Academic journal article Theory in Action

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Academic journal article Theory in Action

Welcome

Article excerpt

[Article copies available for a fee from The Transformative Studies Institute. E-mail address: journal@transformativestudies.org Website: http://www.transformativestudies.org ©2017 by The Transformative Studies Institute. All rights reserved.]

In February 2017, the Gender, Sex, and Sexuality conference held its third annual conference at the State University of New York Potsdam. This issue of Theory in Action highlights the variety of voices, themes, and scholarship presented in response to the conference theme of (Dis)Enfranchisement.

In order to understand the nature of the annual GSS conference as it stands now, it is important to recount the history of the conference and its early development. The GSS conference began in 2013 spearheaded by the Gender and Sexuality Studies Caucus at Clarkson University. Faculty of the four Associated Colleges of St. Lawrence County (SUNY Canton, SUNY Potsdam, Clarkson University, and St. Lawrence University) convened at the conference to share their work, develop relationships, and pool resources. While the first conference was a success, not all of the individuals involved were able to continue working to develop the scale and scope of the conference. After a one year hiatus, the conference was spurred to life again in 2015 when Emily Hamilton-Honey took over as gender studies coordinator at SUNY Canton. A dozen faculty from the four schools gathered over the summer to brainstorm and re-imagine an annual GSS conference. In the fall of 2015 the conference organizing committee (Emily Hamilton Honey and Melissa Lee from SUNY Canton, Annegret Staiger from Clarkson University, Jennifer Thomas from St. Lawrence University, and Christine Doran from SUNY Potsdam) began working on the second conference.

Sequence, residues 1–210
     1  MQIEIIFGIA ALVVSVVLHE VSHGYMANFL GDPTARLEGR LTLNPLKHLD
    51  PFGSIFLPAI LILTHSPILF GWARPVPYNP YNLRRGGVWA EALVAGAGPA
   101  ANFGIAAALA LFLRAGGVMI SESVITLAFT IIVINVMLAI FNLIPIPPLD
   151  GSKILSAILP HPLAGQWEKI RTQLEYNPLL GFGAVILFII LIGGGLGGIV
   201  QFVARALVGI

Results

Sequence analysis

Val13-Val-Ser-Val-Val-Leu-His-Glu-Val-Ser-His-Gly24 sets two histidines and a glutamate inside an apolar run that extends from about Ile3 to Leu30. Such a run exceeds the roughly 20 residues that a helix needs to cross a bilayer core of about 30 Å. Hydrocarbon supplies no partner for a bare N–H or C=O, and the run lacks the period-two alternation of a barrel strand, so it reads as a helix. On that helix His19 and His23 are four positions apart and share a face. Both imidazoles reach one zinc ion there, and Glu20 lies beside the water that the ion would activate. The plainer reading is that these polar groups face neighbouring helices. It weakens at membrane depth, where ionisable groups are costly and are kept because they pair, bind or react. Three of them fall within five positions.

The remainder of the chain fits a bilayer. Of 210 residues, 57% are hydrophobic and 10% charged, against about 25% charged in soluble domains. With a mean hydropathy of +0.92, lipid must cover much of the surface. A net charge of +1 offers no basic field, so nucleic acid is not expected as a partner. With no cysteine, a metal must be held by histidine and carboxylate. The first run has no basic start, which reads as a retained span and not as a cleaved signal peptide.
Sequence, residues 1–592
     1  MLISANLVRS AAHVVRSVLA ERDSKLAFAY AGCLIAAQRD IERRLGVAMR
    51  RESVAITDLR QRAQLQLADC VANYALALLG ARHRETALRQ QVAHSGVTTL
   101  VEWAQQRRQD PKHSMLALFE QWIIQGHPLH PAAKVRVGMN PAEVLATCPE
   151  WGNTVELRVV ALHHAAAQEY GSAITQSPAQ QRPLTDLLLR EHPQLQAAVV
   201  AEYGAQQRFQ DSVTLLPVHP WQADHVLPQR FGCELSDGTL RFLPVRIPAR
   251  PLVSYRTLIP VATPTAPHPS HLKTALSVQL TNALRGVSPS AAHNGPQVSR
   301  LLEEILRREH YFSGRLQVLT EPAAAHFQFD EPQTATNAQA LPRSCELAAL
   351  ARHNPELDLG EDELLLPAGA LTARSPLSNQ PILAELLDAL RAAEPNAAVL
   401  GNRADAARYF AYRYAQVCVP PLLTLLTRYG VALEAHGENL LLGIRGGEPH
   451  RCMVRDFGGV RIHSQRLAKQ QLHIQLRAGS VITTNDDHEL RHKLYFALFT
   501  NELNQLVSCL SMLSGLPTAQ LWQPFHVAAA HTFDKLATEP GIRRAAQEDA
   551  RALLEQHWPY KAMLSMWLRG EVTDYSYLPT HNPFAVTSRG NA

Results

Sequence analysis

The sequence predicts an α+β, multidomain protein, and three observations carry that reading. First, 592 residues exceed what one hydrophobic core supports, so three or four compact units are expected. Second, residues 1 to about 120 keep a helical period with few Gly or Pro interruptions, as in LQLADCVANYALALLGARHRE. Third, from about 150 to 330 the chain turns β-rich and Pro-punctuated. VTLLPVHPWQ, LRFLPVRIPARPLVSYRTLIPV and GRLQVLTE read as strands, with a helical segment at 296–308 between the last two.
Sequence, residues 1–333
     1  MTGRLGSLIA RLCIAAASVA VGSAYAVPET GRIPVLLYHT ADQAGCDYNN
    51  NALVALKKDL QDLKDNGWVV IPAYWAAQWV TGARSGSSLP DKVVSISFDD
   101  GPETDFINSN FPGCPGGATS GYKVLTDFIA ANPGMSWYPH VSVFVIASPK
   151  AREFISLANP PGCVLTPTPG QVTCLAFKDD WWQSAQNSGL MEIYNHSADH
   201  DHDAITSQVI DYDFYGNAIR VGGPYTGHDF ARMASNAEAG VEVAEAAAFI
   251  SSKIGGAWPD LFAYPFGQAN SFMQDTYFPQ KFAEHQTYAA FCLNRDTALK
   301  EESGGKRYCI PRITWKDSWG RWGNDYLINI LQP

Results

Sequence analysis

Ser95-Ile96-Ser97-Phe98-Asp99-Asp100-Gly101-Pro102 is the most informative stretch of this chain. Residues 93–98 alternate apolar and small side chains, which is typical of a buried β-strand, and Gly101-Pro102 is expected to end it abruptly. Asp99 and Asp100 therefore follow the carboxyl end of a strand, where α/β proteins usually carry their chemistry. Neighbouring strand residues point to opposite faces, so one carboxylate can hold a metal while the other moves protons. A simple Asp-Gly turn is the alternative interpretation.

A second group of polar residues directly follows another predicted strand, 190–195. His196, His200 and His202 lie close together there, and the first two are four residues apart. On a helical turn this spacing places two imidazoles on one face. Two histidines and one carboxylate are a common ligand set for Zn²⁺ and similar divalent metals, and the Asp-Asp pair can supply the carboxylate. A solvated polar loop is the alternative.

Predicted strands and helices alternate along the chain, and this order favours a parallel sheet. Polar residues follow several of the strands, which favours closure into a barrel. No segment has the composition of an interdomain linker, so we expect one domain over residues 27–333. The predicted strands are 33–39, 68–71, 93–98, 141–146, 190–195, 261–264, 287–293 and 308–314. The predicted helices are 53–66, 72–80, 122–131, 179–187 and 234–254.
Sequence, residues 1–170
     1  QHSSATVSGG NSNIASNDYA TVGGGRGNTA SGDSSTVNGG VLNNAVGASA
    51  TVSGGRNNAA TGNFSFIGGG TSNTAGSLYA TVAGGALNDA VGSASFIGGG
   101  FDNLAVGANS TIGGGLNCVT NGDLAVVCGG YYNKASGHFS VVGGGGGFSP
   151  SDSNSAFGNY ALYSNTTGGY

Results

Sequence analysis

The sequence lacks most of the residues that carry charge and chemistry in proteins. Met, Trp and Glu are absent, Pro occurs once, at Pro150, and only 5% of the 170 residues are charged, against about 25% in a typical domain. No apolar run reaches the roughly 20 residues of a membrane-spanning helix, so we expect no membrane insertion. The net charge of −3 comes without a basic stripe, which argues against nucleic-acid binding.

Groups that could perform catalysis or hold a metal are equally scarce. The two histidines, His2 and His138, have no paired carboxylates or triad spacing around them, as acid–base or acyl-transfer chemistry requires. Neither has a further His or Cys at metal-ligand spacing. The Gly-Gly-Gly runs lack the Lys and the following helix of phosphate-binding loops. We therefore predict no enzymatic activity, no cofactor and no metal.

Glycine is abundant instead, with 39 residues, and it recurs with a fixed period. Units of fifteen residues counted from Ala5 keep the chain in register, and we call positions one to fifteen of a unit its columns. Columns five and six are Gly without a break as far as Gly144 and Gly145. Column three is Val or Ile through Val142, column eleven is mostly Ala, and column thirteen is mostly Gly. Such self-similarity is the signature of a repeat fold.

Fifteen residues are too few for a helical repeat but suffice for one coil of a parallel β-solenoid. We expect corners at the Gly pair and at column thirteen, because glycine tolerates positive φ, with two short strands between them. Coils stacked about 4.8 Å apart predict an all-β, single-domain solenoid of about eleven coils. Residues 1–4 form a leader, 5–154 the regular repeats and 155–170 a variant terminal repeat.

From its inception, an important working agreement amongst the planning committee was the conference would be hosted by each of the colleges in rotation, which would allow the weight of the planning to shift each year as well as create easier access for students. The first iteration of the conference, Why Gender and Sexuality Studies Still Matter, was hosted by Clarkson University, a private college in Potsdam. The 2016 conference, Out(in)sider Intersections, moved to SUNY Canton, a public university in Canton. Our most recent conference in 2017, (Dis)Enfranchisement, was hosted by SUNY Potsdam. Moving between Potsdam and Canton and from state to private universities and colleges allows the conference to bring together diverse campus communities, enable collaborative conversations, and foster teaching and research possibilities unique to our area. This is made possible because the four universities are within 13 miles of each other.

Each year, the organizing committee chooses a theme that will allow for broad participation of faculty and students from all four schools. The 2017 conference theme emerged as we noted several centennial celebrations of suffrage in New York State. It became clear to us that enfranchisement and disenfranchisement was a timely and especially compelling theme for a conference focused on gender, sex, and sexuality. Thus, we crafted a call for papers and conference description that reflected these concerns. The call read:

The conference is intended to provoke thoughtful discussion of the complex issues around enfranchisement, citizenship, and community participation in all of their various forms. Enfranchisement and disenfranchisement can take a myriad of forms; so, we asked how do these forms affect our ability to function and participate in our communities, our countries, and as citizens of the world? We thought about the ways that marginalized groups might include, for example, women, LGBTQ+, people of color, sex workers, refugees, immigrants, Native and indigenous peoples, and religious minorities. In addition, we asked about when we use a discourse of enfranchisement and disenfranchisement to advocate for inclusion, of what does that inclusion consist? …

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